Supplements and sneezing – for pets
Dear Dr. Forsythe: Are there any supplements that you recommend for pets? My dog just seems to have less energy lately and after the vet ran every test he could, we decided a good vitamin or supplement might be all he really needs. What do you think would be helpful? Sign me – The simpler the better
Dear Simpler: There are several standard vitamins and supplements available at veterinary offices and on-line that veterinarians have recommended for years. Vitamins such as PetTabs and HiVite drops work quite well, and another supplement which helps improve the coat quality is omega 3/6 fatty acids. In addition, there are a variety of shark cartilage/ chondroitins that are available in various tablet forms which can also help fight the effects of arthritis in pets.
There is also a supplement available called Protandim which is clinically proven to reduce Free Radical Damage in both people and pets. You may be interested in knowing more about Protandim because it sounds like it may do just what you are asking for your pet. It is made from natural plant extracts and contains milk thistle, bacopa extract, ashwagandha root, green tea, and tumeric. These organic vegetarian ingredients act synergistically with each other to improve the pet’s immune system and vitality. Several studies support these facts, including the New England Journal of Medicine. People taking this supplement report feeling better and having more energy almost immediately. They have more focus, sleep better at night and wake up more refreshed than before they started taking Protandim. Although this supplement was originally designed for use in humans, people quickly began using it with pets to see if it would make a difference. And according to many pet owners, their animals have responded quite well.
The feedback I’ve gotten from people I know who have used it on their pets is that their dogs seem to have increased energy while chronic debilitating issues are remedied and, in some cases, greatly alleviated by the supplement. While the ingredients in Protandim may each be simple and natural alone, it is the exact ratio and blending of the jungle plants that scientists believe gives the product it’s profound ability to reduce the damage done by free radicals. This is just one new bright spot where an integrative approach seems to be helping, and I am excited to hear more from colleagues and friends about the effects of this supplement. – Dr. F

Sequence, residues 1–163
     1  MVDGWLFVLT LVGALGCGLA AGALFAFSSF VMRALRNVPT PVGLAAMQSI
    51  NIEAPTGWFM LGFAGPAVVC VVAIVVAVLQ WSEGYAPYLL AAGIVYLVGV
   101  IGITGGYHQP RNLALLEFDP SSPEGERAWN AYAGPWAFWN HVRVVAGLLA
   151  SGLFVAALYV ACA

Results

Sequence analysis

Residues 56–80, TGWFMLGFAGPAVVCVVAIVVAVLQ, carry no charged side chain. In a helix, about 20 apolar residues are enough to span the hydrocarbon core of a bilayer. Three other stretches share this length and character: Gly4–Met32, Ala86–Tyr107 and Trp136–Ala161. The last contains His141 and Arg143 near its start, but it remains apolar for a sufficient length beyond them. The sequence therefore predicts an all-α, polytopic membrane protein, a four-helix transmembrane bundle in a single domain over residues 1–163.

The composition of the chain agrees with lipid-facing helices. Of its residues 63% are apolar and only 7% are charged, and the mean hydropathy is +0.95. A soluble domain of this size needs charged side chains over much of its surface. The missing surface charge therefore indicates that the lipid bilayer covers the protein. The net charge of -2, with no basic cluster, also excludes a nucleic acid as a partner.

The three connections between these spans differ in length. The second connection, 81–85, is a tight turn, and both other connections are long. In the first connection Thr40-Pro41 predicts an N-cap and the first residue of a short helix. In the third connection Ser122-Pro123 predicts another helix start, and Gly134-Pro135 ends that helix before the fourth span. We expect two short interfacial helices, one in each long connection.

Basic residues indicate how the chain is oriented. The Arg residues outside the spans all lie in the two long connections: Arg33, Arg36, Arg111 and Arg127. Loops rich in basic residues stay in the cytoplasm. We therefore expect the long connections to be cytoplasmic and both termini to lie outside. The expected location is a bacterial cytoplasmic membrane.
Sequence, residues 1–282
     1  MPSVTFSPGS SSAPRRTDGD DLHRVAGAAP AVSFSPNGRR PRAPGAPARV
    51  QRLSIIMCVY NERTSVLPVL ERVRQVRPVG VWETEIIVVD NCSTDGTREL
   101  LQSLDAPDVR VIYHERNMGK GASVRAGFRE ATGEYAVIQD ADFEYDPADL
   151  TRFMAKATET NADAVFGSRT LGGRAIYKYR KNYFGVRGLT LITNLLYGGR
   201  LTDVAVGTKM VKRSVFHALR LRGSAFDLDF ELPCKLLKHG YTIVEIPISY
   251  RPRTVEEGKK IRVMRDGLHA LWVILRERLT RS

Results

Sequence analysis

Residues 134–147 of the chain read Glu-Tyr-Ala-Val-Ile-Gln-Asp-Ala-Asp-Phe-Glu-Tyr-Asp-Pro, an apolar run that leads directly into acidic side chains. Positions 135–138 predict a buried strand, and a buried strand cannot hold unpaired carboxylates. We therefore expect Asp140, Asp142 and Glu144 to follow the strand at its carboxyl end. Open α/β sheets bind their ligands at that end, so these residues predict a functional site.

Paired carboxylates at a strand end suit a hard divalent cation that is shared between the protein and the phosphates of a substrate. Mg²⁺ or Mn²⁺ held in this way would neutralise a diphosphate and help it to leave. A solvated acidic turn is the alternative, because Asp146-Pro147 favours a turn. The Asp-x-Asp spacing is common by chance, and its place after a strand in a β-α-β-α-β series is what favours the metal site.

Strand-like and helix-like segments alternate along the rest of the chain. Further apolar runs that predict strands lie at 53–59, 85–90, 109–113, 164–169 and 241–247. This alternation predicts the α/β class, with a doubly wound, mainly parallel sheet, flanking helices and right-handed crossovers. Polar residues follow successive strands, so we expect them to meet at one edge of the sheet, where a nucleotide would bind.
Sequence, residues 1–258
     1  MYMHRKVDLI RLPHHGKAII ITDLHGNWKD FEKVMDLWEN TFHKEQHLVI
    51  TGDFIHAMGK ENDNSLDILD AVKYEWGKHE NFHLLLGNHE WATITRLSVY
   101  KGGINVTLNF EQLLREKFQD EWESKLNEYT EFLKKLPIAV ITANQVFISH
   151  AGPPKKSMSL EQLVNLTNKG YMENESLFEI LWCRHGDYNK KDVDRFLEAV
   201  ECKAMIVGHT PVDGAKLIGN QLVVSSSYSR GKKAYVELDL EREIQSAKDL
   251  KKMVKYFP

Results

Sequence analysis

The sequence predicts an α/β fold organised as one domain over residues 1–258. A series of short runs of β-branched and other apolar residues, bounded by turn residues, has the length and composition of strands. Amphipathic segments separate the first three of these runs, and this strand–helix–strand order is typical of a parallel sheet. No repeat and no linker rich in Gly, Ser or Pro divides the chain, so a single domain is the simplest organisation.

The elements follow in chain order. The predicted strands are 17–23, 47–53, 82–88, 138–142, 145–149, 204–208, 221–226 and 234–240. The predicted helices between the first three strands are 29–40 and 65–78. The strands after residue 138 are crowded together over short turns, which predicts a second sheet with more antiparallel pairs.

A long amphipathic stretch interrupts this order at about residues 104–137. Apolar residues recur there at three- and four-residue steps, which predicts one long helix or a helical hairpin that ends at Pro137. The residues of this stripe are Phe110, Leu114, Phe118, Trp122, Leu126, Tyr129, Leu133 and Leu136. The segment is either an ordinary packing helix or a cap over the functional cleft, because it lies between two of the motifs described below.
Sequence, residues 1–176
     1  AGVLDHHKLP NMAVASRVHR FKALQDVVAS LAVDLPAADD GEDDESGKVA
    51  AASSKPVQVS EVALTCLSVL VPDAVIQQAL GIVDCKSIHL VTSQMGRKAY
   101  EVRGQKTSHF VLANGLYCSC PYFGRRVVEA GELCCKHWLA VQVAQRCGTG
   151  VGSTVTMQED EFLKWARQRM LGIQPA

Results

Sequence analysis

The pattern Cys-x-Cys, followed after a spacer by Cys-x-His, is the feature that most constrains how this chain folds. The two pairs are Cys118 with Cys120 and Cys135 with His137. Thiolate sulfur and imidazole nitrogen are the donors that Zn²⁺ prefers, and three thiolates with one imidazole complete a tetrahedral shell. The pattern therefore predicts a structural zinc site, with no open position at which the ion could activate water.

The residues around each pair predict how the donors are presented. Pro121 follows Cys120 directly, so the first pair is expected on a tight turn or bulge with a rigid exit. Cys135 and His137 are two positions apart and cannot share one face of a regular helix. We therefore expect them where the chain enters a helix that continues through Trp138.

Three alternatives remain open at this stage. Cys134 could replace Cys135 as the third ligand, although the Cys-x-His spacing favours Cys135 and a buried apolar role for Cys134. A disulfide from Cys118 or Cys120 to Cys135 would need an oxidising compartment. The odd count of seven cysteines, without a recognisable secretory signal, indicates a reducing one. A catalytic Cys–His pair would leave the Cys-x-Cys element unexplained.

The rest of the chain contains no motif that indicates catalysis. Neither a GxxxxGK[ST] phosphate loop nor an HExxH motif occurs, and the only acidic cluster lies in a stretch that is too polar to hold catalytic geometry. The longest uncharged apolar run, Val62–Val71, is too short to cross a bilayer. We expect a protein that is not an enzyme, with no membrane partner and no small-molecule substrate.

Dear Dr. Forsythe: My Cocker Spaniel was out in the field for a few minutes last night and came in sneezing violently. This only lasted for a few minutes and then she was quiet. I thought all was well until this morning, she started doing it again. This morning she sneezed for about 30 seconds straight and then it stopped again. Should I take Mitzi to the vet or do you think it is something she is sneezing out on her own? – Mitzi’s mom
Dear Mitzi’s mom: It sounds like she has something stuck up her nose given the fact that she had a sneezing episode last night and then repeated it again this morning. The most likely culprit is a foxtail, those barbed plant fronds that wriggle up dogs noses when they sniff around. They worm their way up into the nasal passage rather quickly and get jammed up there because they have those little barbs and can’t slip back out. Often a pet will have a violent sneezing attack soon after getting one, and occasionally they WILL blow it out, but sometimes the sneezing episode simply moves the foxtail up a little further and settles it down until some hours later.
Nasal dripping and normal sinus discharge starts the “tickle” and another sneezing episode ensues. Most of the time, those annoying little foxtails need to be removed with the help of a pair of alligator forceps while your pet is snoozing. The nasal passage is a very sensitive and ticklish area, and it sounds like Mitzi needs to be seen for a nasal inspection quickly. – Dr. F